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Criteria for vetting appliance-based data backup systems

Knowing the right questions to ask when vetting data backup appliance vendors can help ensure you select the product that will provide the most comprehensive data protection.

Every organization has distinct backup requirements, so it is important that you determine yours before seriously evaluating appliance-based data backup systems.

The following questions and considerations can help you gather this information so you can prioritize your specific needs and create a list of must-have features.

How does the vendor deliver management and operations features?

Installing an integrated data backup appliance offloads many infrastructure management tasks to the vendor. It is important to understand how these features are delivered. Ask the following questions:

  • Does the appliance have specific physical characteristics, such as rack size, power or cooling needs?
  • How does the data backup appliance manage upgrades and patches? Are they done remotely, and does the vendor need network or internet access to the appliance?
  • How is the appliance locked down, and how does it match up with my organization's internal security policies? Specifically, ask about open ports and use of privileged logins.
  • How are initial and additional nodes deployed in scale-out products? Do I need to pay for professional services? Is this included in the cost of the product, or can a local system administrator do the work?

From an internal management perspective, it is important to clarify if agents are needed to run the appliance. Some platforms may need client backup agents to operate, which may have to be upgraded in line with the appliance itself.

Editor's note

Using extensive research into the data backup market, TechTarget editors focused on integrated backup appliances that include hardware and software that are provided by the same vendor. Our research included data from TechTarget surveys, as well as reports from other respected research firms, including Gartner.

Determine your organization's scalability requirements

The requirements for scalable backup typically fall into two areas: the ability to scale capacity and the ability to scale performance. Capacity scalability means being able to support a large volume of backups and to add to that capacity on demand. Some appliance-based data backup systems do this in a scale-out manner, while others scale up.

Scale-up means that the vendor offers multiple sizes of appliances, with greater disk capacities or drive counts. Scaling in this instance might mean adding more capacity to an existing system or replacing an existing system with a new one of higher capacity.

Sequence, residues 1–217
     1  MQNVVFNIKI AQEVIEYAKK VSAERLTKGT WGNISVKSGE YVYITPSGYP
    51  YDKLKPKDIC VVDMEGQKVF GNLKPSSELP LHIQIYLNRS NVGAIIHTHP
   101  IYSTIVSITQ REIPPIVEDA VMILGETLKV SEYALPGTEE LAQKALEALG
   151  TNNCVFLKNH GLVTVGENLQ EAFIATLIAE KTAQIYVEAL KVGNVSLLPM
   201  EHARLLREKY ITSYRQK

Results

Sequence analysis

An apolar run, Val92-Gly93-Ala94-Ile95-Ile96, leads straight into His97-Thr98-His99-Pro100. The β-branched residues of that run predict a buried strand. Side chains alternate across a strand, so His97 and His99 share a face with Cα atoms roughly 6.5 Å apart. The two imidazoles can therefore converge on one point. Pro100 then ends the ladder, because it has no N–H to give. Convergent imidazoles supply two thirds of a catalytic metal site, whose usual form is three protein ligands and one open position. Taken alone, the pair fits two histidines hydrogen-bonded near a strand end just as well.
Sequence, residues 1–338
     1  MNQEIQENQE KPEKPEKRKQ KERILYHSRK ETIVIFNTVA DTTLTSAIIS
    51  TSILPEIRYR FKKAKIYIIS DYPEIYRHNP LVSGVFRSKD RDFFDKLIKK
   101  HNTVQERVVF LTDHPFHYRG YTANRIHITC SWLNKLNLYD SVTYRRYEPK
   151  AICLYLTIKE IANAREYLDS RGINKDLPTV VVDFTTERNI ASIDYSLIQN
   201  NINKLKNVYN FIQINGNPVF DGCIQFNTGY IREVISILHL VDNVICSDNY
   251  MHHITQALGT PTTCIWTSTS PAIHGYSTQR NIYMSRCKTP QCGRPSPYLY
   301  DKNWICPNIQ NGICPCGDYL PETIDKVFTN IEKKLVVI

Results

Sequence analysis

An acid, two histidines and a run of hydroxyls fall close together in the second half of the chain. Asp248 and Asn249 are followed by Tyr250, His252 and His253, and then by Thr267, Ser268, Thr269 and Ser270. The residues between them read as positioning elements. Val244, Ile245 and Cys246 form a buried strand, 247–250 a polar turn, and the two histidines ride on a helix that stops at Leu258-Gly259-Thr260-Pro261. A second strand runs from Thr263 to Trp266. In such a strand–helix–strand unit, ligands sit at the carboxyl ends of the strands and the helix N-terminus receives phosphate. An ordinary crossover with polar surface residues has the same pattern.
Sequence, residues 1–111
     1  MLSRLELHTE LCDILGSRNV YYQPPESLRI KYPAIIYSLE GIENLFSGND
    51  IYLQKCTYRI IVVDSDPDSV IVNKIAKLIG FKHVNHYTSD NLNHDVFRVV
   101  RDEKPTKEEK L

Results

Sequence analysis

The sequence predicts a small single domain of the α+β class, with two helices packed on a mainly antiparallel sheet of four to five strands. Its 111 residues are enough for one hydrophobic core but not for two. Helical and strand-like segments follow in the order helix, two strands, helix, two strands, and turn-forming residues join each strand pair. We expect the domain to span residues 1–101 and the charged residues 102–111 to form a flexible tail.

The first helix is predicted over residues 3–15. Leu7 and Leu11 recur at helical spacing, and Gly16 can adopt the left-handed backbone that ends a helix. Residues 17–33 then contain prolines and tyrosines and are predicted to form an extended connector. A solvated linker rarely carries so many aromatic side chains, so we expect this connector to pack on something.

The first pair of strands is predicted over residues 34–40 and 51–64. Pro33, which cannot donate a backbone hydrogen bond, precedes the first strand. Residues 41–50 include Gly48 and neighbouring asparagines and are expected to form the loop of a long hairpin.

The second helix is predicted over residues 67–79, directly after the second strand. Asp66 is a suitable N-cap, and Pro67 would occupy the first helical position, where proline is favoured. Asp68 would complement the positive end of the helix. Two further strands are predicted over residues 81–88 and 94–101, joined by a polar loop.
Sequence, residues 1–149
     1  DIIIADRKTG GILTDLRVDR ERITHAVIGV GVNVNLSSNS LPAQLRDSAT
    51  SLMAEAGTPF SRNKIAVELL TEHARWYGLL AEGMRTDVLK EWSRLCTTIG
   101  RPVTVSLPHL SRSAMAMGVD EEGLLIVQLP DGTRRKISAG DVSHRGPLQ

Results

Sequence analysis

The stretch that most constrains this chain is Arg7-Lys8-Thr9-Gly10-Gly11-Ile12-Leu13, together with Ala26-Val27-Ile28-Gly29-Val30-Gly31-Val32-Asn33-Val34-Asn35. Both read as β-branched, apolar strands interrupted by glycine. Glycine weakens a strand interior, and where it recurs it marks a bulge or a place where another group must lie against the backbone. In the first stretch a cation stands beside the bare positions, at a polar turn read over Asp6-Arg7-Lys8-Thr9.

Scale-out products increase capacity through the addition of nodes to a configuration. Some products work as a closely integrated cluster, where extra nodes extend the cluster configuration. Other integrated data backup systems treat extra nodes as part of a federated or loosely coupled cluster. Federated products simply manage multiple nodes through a single interface but do not provide resiliency across nodes. This can affect the other component of scalability: performance.

Scaling performance means increasing the bandwidth of the backup product to handle more concurrent backups or a greater amount of data throughput, which is typically measured in megabytes per second or gigabytes per second. It is important to take multiple concurrent backups in environments where a fixed backup window exists. As more physical or virtual servers are deployed, the number of concurrent backup streams will increase.

Common sense says that scale-out products are likely to provide better performance scalability, as each extra node can take part in handling backups. Each node adds networking, internal bandwidth, processor power and disk capacity to a configuration. However, be aware that the backup sources may not be able to stream as effectively as the backup system can scale, so simply increasing the size of a backup cluster may not be the answer to a performance problem.

What is your organization's architecture?

The integrated data backup appliance can manage the topography of your environment as part of the backup design. Some organizations may have a centralized environment with one or two data centers, whereas others may be highly distributed, running many remote or branch office systems.

Appliance-based data backup systems can manage both scenarios, either in the federated or clustered models discussed above. Some products are available as virtual appliances, enabling them to be integrated into a highly virtualized footprint, such as a branch office. In cases where this feature is offered, it is important to ensure that all backups are managed under a single catalogue. This enables, for example, branch data to be restored in a core or other location in the event of a hardware failure or disaster.